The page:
Pipeline Hydro Test Pressure Determination

By Ramesh Singh, MS, I Eng, MWeld I, Gulf Interstate Engineering, Houston | October 2009 Vol. 236 No. 10

If test pressure reaching 100% (design factor of 0.80) of the SMYS is considered, then one must also consider some important pre conditions attached to the procurement of the steel and pipe. Especially important to consider is the level of flaw size that was accepted in the plate/coil used to manufacture the pipe. The test pressure of such magnitude would require that the acceptable defect size be re-assessed. This is because all else being equal, a higher design factor, resulting in a thinner wall, will lead to a reduction in the critical dimensions of both surface and through-wall defects.

Where such conditions are likely it may be prudent to reconsider the level of accepted flaws in the material. The current recommendations in API 5L 44th edition for acceptance level B2 as per ISO 12094 (for SAW pipes) may not be acceptable because it has limited coverage of body and edges and the acceptance criteria is far too liberal, in terms of acceptable size and area of flaws. More stringent criteria must be specified more in line with EN 10160 where level S2 for body and level E2 for edges may be more appropriate to meet the demands of the higher test pressures.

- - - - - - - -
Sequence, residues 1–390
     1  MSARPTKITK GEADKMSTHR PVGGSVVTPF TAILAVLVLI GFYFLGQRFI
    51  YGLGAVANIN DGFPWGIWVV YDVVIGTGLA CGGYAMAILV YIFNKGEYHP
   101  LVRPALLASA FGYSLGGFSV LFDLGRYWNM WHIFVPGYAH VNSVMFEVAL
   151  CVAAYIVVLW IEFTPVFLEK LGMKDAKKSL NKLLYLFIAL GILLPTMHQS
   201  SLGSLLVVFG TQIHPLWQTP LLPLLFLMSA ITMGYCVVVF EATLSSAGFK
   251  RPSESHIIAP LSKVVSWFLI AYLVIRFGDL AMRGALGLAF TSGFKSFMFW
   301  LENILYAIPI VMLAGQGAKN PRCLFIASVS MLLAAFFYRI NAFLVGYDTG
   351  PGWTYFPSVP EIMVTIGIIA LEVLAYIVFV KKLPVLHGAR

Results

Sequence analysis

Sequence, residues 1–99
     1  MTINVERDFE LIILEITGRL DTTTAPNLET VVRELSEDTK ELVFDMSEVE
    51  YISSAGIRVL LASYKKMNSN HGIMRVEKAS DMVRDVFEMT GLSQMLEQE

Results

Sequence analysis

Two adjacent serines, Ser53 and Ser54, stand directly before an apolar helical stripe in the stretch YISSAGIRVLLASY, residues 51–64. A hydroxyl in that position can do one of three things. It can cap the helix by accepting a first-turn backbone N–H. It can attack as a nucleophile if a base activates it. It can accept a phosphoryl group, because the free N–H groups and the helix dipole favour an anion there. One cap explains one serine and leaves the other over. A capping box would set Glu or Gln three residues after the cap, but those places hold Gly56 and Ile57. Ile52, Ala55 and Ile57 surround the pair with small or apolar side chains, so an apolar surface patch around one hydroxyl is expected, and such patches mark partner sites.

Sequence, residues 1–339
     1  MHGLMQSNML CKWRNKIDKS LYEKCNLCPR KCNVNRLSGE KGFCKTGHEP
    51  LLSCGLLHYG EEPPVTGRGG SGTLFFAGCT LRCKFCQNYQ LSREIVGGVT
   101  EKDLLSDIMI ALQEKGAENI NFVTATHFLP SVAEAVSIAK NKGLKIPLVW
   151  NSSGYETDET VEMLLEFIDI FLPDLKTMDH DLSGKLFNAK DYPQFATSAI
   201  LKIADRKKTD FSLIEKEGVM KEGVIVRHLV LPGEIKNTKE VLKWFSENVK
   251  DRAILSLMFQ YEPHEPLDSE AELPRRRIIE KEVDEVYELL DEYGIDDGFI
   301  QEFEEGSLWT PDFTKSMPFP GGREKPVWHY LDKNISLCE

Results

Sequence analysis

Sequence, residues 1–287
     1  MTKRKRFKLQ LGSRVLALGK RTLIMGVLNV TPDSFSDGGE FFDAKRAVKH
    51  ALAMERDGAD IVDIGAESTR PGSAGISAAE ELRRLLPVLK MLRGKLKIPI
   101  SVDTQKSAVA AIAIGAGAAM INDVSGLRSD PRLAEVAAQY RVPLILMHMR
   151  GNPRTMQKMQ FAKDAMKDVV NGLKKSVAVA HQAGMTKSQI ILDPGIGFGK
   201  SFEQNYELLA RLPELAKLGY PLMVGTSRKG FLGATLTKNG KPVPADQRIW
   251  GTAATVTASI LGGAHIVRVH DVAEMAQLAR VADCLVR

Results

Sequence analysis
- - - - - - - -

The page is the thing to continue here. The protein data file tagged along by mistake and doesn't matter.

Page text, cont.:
Sub-critical surface flaw sizes at design factors of 0.80 and 0.72 are susceptible to growth at low stress and are time dependent. These flaws are also dependent on the acceptable limits of impact absorbing energy of the material and weld (not part of the discussion in this article).

This increase in depth-to-thickness (d/t) ratio in effect reduces the ligament of the adjoining defects that reduce the required stress to propagate the discontinuity. Critical through-wall flaw lengths are also factors to be assessed. While there is a modest reduction in critical flaw length, it still indicates very acceptable flaw tolerance for any practical depth and the reduction will have negligible influence in the context of integrity management. Note that flaws deeper than about 70% of wall thickness will fail as stable leaks in both cases. This statement implies that mere radiography of the pipe welds (both field and mill welds) may not suffice. Automatic ultrasonic testing (AUT) of the welds will be better suited to properly determine the size of the planer defects in the welds. Similarly the use of AUT for assessing the flaws in the pipe body will be more stringent than usual.

Pressure Reversal
The phenomenon of pressure reversal occurs when a defect survives a higher hydrostatic test pressure but fails at a lower pressure in a subsequent repressurization. One of the several factors that work to bring on this phenomenon is the creep-like growth of sub-critical discontinuities over time and at lower pressure. The reduction in the wall thickness, caused by corrosion, external damages, is also responsible for a reduction in puncture resistance in the pipe. The reduction in the wall thickness, in effect reduces the discontinuity depth to the material thickness.